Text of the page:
Thanks for sharing, Tia. I went through exactly what you fear. See my next post explaining how it happened. I gave my life to my kids, my mom and my ex-husband. There was no me for far too many years. I wrote about that experience and wake up call in my book, Staying Home With My Kids: Lousy Pay, Lousy Hours, Priceless Rewards. It was nobody’s fault. I just never realized I trained everyone to treat me and expect me to be there for them–only for them. (My mom did not do that to me. I just thought she did.)
      That whole lesson is so important I think I will write a book on that subject.
      I am so glad you brought up that subject. I lost so many friends to female cancers in the past year it is absolutely life shattering–how women give and give without thought to themselves. That moms are called selfish if they do something for themselves or dare to love themselves first.
      Please remember that whatever we focus on we attract and whatever we fear we bring upon ourselves. Pay attention to what you think and what you give emotion to. Thoughts with emotions are beliefs–stories we tell ourselves. They are lies, BS. (See my earlier post on that topic for clarification–please read it for yourself and for you kids.
      I love my kids more than anything in the world. We were so close we often communicated without words–even across the miles. We are still close but I tell you, we went through a devastating time where I thought all was lost. Please read the next post, Your Story Destroys Your Relationships.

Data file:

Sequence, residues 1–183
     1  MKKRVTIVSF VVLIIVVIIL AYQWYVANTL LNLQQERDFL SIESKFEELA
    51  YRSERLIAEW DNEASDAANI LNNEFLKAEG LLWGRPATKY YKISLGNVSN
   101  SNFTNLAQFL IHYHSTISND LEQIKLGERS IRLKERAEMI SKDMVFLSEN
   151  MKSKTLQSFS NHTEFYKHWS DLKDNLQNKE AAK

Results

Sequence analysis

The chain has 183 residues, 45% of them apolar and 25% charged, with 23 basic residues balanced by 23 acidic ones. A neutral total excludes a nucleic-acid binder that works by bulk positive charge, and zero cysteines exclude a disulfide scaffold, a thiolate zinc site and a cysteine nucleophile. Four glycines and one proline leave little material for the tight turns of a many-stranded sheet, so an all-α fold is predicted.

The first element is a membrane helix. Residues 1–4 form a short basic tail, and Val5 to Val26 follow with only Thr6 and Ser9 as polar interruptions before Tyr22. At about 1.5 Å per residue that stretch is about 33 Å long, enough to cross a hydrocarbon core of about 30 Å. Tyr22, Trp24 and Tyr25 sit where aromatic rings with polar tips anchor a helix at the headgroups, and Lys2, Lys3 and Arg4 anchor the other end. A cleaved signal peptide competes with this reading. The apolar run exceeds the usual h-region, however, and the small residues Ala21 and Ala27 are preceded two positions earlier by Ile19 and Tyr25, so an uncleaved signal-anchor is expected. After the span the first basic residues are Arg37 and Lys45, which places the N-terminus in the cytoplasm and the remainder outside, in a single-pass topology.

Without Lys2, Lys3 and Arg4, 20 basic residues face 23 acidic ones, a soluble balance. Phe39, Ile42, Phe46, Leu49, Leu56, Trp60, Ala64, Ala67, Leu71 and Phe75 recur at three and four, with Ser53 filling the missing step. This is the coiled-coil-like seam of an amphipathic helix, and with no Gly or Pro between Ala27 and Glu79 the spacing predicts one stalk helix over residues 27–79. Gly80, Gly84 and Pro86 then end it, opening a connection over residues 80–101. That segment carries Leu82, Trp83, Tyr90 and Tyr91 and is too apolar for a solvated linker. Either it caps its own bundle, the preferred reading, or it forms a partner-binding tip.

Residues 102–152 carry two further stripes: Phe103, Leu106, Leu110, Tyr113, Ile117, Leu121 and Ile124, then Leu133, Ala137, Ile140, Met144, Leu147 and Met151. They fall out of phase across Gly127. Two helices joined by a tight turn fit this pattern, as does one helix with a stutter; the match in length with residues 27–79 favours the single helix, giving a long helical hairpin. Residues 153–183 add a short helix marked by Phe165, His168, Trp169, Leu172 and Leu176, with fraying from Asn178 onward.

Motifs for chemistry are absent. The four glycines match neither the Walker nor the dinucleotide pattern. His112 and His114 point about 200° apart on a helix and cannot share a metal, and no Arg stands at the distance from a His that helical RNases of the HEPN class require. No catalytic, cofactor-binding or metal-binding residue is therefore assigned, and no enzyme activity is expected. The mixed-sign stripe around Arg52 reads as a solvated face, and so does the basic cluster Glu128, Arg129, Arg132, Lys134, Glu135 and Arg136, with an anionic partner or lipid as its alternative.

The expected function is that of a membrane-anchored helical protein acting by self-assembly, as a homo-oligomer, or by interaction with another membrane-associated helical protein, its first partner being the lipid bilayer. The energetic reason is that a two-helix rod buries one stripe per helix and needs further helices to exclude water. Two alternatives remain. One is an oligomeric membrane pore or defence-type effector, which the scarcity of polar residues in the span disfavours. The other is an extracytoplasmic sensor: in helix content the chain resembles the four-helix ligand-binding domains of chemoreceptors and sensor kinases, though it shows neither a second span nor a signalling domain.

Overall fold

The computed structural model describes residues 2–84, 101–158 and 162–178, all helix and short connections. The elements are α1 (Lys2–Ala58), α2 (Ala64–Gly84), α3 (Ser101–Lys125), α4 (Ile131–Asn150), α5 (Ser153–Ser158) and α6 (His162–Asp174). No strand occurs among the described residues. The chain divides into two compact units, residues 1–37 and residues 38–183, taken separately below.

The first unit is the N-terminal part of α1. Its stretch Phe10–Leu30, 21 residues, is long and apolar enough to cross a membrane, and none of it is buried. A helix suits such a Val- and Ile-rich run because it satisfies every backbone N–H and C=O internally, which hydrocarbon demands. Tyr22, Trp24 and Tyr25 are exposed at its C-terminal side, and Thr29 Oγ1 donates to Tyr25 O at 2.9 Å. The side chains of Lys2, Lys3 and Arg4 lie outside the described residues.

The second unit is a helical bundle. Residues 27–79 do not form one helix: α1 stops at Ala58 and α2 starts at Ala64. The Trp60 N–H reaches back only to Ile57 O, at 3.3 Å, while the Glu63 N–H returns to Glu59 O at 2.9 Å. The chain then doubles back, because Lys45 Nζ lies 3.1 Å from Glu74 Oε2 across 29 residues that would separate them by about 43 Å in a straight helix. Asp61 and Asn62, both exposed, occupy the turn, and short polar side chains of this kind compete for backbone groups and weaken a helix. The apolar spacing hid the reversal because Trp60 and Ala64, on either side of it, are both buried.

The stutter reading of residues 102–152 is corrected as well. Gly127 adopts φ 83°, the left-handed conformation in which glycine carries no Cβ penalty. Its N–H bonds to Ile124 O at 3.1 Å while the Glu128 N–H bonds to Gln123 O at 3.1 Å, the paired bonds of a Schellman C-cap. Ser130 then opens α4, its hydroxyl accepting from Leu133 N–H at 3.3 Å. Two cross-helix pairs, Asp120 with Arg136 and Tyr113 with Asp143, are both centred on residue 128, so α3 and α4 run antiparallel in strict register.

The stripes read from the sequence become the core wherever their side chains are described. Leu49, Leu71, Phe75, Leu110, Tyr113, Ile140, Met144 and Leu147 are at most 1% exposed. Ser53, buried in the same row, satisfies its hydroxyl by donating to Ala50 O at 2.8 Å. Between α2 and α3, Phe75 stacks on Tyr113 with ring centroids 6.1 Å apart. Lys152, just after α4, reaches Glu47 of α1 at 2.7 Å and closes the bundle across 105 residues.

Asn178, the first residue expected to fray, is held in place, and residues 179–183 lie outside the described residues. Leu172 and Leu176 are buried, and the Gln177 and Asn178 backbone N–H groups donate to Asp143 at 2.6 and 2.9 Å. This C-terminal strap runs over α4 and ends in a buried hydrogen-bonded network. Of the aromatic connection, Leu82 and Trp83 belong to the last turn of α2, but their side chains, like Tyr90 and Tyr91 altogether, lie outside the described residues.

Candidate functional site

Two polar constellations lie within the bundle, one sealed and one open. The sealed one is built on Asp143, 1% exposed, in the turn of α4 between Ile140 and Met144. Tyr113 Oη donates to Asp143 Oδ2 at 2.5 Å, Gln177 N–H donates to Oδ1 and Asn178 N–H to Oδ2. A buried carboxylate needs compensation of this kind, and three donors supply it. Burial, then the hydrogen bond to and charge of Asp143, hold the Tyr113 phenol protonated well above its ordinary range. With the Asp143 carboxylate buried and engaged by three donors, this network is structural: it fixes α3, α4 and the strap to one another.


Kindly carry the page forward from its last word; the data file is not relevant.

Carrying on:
3. Tallin says:

    Great stuff, you hepled me out so much!

    • Ali Bierman says:

      Cool. Thanks for coming by. What specifically, did you find helpful? Let me know so I an follow up with more on the topic.

  4. I went over this web site and I conceive you have a lot of great information, saved to bookmarks (:.

    • Ali Bierman says:

      Great! Thanks for letting me know you find useful info here. I write to make a difference for you! Do come back for more. I write every day.

  5. But wanna comment on few general things, The website layout is perfect, the content is real good : D.

    • Ali Bierman says:

      Glad you find the site and content useful. That is why I write and hare–to give you the information you seek to make your life better!

  6. adverts says:

    I just signed up to your sites rss feed. Will you post more on this subject?

    • Ali Bierman says:

      Welcome. I am not sure when I will post more on that specific topic. Thanks for your feedback. I will consider doing so.

  7. Revkah says:

    Hi, this is a well written post. I just bookmarked your site. Kindly continue the amazingly good posts.

    • Ali Bierman says:

      Thanks for your thoughtful comment, Revkah. I put lots of time into what you see on this site. There is LOTS here and more to come.

  8. uk randki says:

    I love looking through and I conceive this website got some really useful stuff on it! .

  9. Steve says:

    Hi, tnx for a well written post. Good read.

    • Ali Bierman says:

      You’re very welcome, Steve. Thanks for letting me know., Lots her to watch and read. Do you have any questions for me?

  10. It’s unusual for me to find something on the internet that’s as entertaining and intriguing as what you’ve got here. Your page is sweet, your graphics are outstanding, and what’s more, you use source that are relevant to what you’re saying. You’re certainly one in a million, good job!

  11. Recently, I didn’t give lots of consideration to leaving responses on internet site page reports and have positioned responses even much less. Reading by means of by way of one’s enjoyable article, will help me to do so sometimes.

    • Ali Bierman says:

      Thanks for commenting here. I make it easy to do so. When I am on a blog wher eit is hard to find how to comment or it takes way too many steps I give up.

Leave a Reply

Your email address will not be published. Required fields are marked *